wherein said rubber comprises an ethylene-propylene-diene rubber, natural rubber, butyl rubber, halobutyl rubber, halogenated rubber copolymer of p-alkylstyrene and at least one isomonoolefin having 4 to 7 carbon atoms, a rubber homopolymer of a conjugated diene having from 4 to 8 carbon atoms, or a rubber copolymer having at least 50 weight percent repeat units from at least one conjugated diene having from 4 to 8 carbon atoms or combinations thereof,
and wherein said thermoplastic vulcanizate composition has a tension set of about 50% or less as determined by ASTM D412.
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11. A process for making a thermoplastic vulcanizate composition, comprising:
blending from about 20 to about 85 parts by weight rubber and from about 15 to about 80 parts by weight of a semi-crystalline polypropylene wherein said parts by weight are based upon 100 parts by weight of said rubber and said semi-crystalline polypropylene, and a thermoplastic random ethylene copolymer, having a peak melting temperature from about 55 to about 100° C.,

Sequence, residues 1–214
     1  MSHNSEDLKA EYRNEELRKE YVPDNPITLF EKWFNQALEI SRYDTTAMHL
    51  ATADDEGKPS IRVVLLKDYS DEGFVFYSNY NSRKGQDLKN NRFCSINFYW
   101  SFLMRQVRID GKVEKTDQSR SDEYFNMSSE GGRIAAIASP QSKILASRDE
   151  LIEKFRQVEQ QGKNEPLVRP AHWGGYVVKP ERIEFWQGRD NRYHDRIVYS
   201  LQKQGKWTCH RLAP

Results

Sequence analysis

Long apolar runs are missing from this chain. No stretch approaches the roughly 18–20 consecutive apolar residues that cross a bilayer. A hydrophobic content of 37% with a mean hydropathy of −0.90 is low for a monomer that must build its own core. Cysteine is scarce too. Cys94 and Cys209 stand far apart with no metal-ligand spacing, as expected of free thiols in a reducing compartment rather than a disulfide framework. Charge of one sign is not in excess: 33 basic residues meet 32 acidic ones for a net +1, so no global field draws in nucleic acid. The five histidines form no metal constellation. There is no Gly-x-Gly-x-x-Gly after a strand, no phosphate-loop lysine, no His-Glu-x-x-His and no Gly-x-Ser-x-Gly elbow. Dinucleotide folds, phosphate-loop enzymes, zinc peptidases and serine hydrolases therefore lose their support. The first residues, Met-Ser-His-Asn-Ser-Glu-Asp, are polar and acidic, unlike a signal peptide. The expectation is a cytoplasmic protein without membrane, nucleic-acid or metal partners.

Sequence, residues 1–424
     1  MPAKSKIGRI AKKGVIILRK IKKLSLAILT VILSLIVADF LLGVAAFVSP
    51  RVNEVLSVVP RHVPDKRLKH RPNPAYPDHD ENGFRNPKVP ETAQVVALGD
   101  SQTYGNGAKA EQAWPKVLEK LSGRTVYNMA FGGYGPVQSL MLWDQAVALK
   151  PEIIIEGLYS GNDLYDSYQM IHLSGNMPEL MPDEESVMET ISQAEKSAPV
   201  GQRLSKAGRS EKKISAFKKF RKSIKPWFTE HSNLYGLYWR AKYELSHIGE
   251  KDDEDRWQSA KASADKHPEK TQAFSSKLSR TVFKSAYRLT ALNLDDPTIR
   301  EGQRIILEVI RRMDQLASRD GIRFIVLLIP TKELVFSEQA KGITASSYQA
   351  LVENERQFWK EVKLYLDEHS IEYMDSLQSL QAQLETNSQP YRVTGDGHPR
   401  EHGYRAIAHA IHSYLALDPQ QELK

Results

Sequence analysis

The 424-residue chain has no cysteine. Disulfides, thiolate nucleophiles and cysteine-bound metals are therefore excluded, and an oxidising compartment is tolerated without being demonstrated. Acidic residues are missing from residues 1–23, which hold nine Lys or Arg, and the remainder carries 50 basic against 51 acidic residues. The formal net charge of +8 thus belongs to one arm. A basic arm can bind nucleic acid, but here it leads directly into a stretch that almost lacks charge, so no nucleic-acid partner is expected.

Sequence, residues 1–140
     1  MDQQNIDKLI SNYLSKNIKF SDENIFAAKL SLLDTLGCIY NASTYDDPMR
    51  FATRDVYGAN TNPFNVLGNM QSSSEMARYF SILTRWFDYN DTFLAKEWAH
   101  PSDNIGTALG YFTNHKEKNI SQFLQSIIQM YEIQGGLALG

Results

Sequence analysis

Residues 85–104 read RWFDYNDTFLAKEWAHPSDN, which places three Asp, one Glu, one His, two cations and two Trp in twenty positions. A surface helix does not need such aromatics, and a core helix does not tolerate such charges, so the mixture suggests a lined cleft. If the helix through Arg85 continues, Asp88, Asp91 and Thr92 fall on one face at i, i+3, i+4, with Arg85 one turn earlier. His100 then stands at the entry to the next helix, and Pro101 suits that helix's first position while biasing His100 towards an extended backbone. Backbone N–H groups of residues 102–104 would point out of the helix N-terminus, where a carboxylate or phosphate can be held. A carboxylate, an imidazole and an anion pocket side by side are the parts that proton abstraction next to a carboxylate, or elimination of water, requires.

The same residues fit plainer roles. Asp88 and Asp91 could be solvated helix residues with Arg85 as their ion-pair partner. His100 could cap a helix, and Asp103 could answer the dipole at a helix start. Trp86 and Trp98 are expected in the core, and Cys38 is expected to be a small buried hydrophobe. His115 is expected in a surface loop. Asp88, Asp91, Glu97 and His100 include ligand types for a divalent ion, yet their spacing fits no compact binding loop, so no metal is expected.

wherein the weight ratio of said polypropylene to said random ethylene copolymer is from about 100:5 to 100:150 and wherein said random ethylene copolymer comprises from about 70 to about 95 weight percent repeat units from ethylene and from about 5 to about 30 weight percent of repeat units from one or more other ethylenically unsaturated monomers based upon the weight of said random ethylene copolymer, and
dynamically vulcanizing said rubber after blending with said semi-crystalline polypropylene, or said random ethylene copolymer, or combinations thereof, to provide a thermoplastic vulcanizate composition having a tension set of about 50% or less as determined by ASTM D412.